Critics fear massive gambling expansion

Virginia: Legislators greenlight bill to regulate and tax skill games amidst industry opposition

Reading time 1:59 min

Virginia legislators approved a bill on Friday that seeks to legalize skill games – slots-like betting machines that proliferated across small businesses in the state and had previously seen an intermittent ban.

Pending the signature of GOP Governor Glenn Youngkin, the legislation aims to tax and regulate these devices, commonly known as gray machines due to their prior operation in legally murky areas, The Associated Press reported.

Backed by a well-organized coalition, including skill game developer Pace-O-Matic and business owners hosting the games, the bill garnered support despite opposition. Many business owners said the machines had been a lifeline for their restaurants, convenience stores and gas stations, especially during the pandemic.

“For years, thousands of small businesses throughout the Commonwealth have come to rely on the supplemental, sustainable revenue provided by skill games,” said Rich Kelly, a restaurateur and president of the Virginia Merchants and Amusement Coalition, was quoted as saying in the report. The coalition was formed to advocate for the legalization of the machines

"This victory will solidify their presence in Virginia and give thousands of small business owners peace of mind knowing they can keep their doors open, create jobs, and support their local communities."

The arcade-style games resemble slot machines but involve an element of skill, say their manufacturers. The devices have prompted concerns about a potential expansion of gambling in Virginia.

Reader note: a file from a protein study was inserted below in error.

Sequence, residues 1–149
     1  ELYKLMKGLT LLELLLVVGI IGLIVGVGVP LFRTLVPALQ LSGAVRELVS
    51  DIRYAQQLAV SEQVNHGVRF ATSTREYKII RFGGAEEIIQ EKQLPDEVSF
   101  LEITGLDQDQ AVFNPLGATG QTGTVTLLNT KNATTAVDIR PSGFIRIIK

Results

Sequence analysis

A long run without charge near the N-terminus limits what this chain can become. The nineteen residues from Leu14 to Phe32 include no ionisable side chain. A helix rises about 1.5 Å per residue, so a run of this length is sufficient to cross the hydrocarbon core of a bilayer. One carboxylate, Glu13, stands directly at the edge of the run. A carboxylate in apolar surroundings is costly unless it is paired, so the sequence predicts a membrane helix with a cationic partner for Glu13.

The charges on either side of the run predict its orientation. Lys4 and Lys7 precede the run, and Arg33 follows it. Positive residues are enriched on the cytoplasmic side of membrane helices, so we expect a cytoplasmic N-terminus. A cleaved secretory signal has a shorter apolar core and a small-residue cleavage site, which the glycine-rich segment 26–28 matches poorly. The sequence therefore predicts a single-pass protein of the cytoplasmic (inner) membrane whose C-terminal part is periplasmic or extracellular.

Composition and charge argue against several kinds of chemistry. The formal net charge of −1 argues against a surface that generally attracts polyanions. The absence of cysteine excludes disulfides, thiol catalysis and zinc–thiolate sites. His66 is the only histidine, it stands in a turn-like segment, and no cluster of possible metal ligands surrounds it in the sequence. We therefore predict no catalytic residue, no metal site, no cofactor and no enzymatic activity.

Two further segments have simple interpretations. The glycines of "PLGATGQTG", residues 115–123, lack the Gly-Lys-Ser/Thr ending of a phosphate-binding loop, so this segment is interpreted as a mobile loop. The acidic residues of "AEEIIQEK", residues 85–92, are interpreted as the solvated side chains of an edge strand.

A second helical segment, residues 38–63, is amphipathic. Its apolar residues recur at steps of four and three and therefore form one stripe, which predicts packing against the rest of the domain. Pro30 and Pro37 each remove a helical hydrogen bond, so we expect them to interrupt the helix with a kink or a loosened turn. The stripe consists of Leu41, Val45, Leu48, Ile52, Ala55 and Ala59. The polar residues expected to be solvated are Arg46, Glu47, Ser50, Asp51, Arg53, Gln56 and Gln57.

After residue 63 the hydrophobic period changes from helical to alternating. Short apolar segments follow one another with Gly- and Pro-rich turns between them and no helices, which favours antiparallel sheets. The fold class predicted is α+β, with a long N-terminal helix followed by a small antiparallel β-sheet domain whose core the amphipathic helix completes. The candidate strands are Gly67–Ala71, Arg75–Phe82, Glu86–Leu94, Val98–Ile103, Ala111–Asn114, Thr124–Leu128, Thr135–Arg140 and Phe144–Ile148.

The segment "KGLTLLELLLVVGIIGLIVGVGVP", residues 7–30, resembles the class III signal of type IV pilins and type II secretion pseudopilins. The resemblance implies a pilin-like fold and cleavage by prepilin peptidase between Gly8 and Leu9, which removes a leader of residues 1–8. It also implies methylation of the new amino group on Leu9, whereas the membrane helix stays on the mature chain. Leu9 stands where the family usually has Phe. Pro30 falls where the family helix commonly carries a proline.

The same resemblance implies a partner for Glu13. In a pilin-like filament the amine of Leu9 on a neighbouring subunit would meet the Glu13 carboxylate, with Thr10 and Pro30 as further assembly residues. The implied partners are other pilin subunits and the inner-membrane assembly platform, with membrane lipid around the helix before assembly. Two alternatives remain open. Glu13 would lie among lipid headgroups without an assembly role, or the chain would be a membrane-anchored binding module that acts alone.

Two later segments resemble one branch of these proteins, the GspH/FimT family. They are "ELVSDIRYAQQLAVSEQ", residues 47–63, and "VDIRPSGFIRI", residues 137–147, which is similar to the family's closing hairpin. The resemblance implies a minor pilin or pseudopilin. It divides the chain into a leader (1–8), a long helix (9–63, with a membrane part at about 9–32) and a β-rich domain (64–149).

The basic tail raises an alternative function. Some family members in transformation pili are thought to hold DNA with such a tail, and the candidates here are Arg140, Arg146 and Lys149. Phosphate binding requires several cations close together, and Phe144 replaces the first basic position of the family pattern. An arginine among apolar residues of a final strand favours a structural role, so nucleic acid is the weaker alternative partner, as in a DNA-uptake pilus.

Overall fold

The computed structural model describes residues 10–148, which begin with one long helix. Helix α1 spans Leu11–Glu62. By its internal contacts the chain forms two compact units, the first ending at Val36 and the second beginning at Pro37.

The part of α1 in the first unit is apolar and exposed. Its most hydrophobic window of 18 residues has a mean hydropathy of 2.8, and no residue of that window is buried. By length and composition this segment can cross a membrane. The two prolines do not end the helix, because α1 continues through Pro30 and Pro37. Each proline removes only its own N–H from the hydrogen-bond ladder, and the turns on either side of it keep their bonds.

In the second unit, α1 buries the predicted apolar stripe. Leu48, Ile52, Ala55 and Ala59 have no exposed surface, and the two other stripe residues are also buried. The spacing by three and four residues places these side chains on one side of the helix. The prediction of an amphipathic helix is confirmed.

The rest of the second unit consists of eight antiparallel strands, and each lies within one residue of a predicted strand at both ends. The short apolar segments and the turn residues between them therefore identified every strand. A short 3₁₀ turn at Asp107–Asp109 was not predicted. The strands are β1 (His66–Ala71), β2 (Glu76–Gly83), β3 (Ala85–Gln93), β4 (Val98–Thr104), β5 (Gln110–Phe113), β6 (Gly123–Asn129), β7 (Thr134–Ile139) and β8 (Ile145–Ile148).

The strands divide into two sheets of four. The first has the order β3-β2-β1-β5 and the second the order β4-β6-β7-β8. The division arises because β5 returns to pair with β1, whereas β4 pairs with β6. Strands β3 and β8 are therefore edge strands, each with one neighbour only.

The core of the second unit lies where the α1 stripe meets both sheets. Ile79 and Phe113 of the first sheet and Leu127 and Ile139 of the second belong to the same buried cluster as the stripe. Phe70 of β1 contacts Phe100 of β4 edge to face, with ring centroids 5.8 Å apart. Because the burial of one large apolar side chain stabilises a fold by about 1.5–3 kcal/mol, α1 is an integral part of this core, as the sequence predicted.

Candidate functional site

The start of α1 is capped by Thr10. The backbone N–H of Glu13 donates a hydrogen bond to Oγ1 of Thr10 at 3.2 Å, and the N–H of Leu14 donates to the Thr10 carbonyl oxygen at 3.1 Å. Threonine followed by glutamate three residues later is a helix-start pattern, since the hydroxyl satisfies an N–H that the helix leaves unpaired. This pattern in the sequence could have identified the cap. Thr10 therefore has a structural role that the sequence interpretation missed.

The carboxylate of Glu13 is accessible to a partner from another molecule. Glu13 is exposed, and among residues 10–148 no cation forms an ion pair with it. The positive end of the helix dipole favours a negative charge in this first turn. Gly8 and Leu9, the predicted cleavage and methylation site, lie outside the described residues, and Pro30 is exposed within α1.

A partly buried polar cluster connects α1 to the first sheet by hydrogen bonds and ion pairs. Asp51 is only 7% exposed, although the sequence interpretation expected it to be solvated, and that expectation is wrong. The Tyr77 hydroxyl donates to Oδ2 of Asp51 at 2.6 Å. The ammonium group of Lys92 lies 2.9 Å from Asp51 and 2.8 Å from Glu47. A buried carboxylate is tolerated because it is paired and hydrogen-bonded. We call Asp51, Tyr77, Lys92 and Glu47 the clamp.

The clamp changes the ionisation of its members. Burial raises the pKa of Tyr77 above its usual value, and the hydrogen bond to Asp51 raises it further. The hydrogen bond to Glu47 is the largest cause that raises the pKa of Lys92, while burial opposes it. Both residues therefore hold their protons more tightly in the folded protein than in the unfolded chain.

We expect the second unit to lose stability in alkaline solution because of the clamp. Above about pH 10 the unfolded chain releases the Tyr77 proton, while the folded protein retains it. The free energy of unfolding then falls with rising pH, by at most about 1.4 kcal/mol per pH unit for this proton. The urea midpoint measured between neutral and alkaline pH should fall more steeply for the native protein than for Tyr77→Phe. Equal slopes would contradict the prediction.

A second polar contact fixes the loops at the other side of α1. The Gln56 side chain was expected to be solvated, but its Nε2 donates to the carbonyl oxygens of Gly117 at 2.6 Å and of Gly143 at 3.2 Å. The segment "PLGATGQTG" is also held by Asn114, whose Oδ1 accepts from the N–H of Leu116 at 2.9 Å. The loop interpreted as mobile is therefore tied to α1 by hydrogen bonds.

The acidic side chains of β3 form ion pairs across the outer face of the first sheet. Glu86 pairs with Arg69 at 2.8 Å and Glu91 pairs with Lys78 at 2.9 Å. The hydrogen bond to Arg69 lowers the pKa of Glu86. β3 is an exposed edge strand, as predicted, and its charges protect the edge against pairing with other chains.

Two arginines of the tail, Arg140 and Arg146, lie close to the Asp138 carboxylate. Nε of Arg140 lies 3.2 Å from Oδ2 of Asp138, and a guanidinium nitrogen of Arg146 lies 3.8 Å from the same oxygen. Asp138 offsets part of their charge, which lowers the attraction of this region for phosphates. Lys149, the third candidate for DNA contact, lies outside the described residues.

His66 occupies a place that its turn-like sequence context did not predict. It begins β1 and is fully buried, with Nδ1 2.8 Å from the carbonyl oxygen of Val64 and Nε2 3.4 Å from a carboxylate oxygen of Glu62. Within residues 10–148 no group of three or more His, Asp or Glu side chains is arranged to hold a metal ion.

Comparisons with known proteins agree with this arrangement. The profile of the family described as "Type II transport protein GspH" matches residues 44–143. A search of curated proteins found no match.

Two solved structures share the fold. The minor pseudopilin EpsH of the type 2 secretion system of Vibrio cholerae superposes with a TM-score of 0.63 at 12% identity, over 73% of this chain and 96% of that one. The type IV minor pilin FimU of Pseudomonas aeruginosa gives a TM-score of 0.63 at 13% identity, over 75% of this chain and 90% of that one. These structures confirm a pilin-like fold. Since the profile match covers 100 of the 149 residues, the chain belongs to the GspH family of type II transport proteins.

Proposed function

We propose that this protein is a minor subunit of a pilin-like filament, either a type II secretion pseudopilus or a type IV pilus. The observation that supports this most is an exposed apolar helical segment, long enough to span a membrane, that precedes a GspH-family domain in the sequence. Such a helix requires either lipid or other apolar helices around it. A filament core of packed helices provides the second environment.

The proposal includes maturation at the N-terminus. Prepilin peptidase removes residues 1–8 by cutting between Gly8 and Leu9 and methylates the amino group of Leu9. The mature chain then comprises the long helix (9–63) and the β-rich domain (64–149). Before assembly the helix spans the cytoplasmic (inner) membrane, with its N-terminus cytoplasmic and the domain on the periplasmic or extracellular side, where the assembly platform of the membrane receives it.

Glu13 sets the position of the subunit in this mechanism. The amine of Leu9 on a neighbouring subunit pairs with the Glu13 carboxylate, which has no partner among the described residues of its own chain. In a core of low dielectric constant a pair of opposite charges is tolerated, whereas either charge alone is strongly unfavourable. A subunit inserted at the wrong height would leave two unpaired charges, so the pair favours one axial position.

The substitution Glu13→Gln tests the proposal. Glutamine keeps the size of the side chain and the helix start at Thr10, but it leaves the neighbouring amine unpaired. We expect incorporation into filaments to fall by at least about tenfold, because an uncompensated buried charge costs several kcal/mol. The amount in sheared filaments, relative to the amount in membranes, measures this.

Opponents argued that such expansion could pose risks to children, low-income individuals, and those dealing with gambling addiction. Other stakeholders in the gambling sector, such as casinos, have actively opposed legalization as well.

This is bad policy that would bring an unprecedented expansion of gambling to every corner of Virginia without even attempting to provide basic guardrails including local referendums, legitimate background checks, security or problem gambling regulatory requirements,” Virginians Against Neighborhood Slot Machines, a group formed to lobby against the legislation, said in a statement.

The bill, introduced after a failed attempt last year, proposes capping the number of games at four for each ABC-licensed retail establishment and 10 for truck stops. Receipts from the machines would be taxed at a 25% rate, higher than the original proposal's 15%.

Notably, the legislation removes localities' authority to ban the machines or conduct referendums on their allowance, a contested issue during the process. The bill mandates players to be 21 or older, without specifying a verification method, while a misdemeanor charge could be imposed on those allowing underage gambling.

The state's ABC authority would initially regulate the machines, with later oversight transitioning to the Lottery. The legislation calls for an "accounting system" to ensure accurate receipts and tax collection.

As per the report, the bill's passage follows deliberations in a conference committee, culminating in a compromise between the two chambers. Sponsored by Democratic Sen. Aaron Rouse of Virginia Beach, the bill received Senate approval with a vote of 31-9 and House of Delegates approval at 49-43.

The skill games debate has remained a non-partisan issue, with the General Assembly grappling with it over several years, navigating bans, delays, and legal challenges.

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